else
    screencapture -i "$FOLDER/$FILENAME"
    echo $DROPBOX | pbcopy
fi

The fallback or default action is to only use the interactive mode and echo the DropBox url.

Lastly, we simply call:

[ -f "$FOLDER/$FILENAME" ] && echo $DROPBOX

The first bit just tests whether the file exists (no need to pass anything on if you decided to cancel the screengrab) and if it does, it passes the url on to whichever output we choose in the workflow.

Keyboard shortcuts FTW

So we've set up this lovely script... now what? Well, let's hook it up to some keyboard shortcuts.

In your workflow area, click the + on the top right and choose Triggers -> Hotkey, you can then configure it to whichever hotkey you prefer, but as you can see below, I chose Cmd+Ctrl+2. You'll also see that I'm passing a text argument and it's the number 2. This is why I chose the number I did - so they match up to the hotkey I have set up .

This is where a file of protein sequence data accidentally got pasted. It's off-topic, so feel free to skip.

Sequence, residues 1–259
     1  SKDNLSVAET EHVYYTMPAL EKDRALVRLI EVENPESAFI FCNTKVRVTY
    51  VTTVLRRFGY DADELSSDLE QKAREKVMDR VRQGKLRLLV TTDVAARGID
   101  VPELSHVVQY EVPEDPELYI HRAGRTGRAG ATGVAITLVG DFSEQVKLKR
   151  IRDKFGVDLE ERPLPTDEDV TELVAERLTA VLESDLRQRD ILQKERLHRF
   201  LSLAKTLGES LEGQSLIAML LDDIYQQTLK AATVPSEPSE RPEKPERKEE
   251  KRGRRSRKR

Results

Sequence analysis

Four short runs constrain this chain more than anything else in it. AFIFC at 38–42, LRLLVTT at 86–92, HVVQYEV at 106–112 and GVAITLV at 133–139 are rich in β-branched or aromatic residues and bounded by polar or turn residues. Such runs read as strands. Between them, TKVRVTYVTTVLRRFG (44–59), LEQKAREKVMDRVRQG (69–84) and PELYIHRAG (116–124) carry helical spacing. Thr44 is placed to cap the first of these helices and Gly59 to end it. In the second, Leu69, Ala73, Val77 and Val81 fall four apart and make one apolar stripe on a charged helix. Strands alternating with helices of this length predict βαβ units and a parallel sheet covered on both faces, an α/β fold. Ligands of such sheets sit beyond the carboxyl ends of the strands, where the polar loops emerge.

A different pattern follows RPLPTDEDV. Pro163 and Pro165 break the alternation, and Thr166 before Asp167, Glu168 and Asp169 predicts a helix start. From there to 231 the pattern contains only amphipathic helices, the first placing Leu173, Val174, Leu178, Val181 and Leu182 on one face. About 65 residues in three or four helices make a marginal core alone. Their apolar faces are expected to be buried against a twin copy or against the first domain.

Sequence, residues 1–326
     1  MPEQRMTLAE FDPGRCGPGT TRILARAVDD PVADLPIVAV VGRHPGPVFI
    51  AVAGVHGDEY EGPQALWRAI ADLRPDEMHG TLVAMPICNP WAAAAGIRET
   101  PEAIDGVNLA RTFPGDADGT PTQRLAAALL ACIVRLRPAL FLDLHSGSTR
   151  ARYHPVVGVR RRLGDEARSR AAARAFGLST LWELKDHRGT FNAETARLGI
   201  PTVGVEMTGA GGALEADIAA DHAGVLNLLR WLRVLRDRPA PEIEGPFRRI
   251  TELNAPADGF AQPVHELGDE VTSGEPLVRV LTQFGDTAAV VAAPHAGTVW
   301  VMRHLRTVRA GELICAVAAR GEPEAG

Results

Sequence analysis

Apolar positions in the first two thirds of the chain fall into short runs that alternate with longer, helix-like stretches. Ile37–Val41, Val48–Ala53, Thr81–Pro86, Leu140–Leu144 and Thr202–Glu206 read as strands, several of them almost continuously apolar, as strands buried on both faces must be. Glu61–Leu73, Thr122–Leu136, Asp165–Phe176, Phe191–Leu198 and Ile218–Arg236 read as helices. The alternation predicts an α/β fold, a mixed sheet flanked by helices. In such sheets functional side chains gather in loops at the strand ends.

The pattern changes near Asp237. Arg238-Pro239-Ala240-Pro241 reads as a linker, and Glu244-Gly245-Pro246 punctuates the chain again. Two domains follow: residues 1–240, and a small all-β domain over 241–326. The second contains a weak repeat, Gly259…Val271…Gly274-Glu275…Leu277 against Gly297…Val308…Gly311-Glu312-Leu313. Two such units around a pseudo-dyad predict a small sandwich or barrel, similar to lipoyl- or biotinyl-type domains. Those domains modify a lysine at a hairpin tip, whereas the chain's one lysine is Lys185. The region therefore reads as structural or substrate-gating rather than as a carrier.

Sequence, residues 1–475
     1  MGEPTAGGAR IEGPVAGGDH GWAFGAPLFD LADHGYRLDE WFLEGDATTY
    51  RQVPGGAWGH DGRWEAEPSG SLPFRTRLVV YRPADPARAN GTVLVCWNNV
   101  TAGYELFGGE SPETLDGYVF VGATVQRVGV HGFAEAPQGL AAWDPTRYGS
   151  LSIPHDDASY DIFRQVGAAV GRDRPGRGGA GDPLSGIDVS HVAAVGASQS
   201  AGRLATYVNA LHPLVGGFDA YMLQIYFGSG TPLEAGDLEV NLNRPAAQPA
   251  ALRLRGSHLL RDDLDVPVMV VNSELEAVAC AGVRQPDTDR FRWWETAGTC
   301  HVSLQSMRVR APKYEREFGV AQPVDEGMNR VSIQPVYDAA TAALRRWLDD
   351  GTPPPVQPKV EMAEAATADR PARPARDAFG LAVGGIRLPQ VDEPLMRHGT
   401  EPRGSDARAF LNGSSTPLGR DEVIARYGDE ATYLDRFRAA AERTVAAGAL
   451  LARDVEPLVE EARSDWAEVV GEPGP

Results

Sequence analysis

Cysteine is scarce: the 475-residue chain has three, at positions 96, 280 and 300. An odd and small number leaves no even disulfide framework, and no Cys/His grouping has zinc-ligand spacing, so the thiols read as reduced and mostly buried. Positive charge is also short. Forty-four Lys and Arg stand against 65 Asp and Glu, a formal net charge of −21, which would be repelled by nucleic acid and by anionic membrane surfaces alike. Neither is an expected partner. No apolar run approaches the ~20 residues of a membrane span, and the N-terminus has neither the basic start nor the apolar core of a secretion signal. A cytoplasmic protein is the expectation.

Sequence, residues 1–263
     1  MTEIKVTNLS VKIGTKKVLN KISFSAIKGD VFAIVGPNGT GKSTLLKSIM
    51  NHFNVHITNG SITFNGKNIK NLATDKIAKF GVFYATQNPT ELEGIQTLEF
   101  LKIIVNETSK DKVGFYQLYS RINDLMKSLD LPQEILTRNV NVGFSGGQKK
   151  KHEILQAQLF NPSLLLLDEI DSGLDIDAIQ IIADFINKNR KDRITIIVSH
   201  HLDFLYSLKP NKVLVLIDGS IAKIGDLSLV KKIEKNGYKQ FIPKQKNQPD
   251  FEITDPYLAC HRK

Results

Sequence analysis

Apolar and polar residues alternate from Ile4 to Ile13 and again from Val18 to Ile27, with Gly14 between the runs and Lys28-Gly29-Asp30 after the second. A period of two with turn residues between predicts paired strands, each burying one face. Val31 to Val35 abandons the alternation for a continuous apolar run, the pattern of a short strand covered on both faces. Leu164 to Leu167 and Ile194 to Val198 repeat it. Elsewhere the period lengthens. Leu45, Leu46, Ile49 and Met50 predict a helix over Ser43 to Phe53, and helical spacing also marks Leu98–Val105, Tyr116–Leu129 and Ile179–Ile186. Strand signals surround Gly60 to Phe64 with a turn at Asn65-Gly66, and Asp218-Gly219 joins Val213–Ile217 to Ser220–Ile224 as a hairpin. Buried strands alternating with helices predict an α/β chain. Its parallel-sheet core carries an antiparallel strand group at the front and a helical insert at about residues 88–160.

Hotkey set up

Now simply do the same thing for Cmd+Ctrl+3 (passing the number 3 as a text argument), and Cmd+Ctrl+4 (with no argument - this is our default action in the script). Hook them up to the action script and you should be ready to go!

The reason I started with 2 is just because 1 is a bit awkward to reach.

Finishing touch

The last thing I thought would be a nice touch is to get told/notified that something's just happened so we're going to create a notification with the url.

Click the plus at the top right again and choose Outputs -> Post Notification. As you can see below, I happen to prefer Growl but you can use the default notification center if you don't have Growl. Also notice that I've put {query} in the text field. Remember earlier where I said we were echoing out the url for whichever output we choose? Well this is where it goes.

The settings for the Post Notification

The completed workflow

So hopefully that's all worked for you and if you're a tad OCD like I am, then your workflow should end up looking something like this:

How the completed workflow should look

Happy screen grabbing!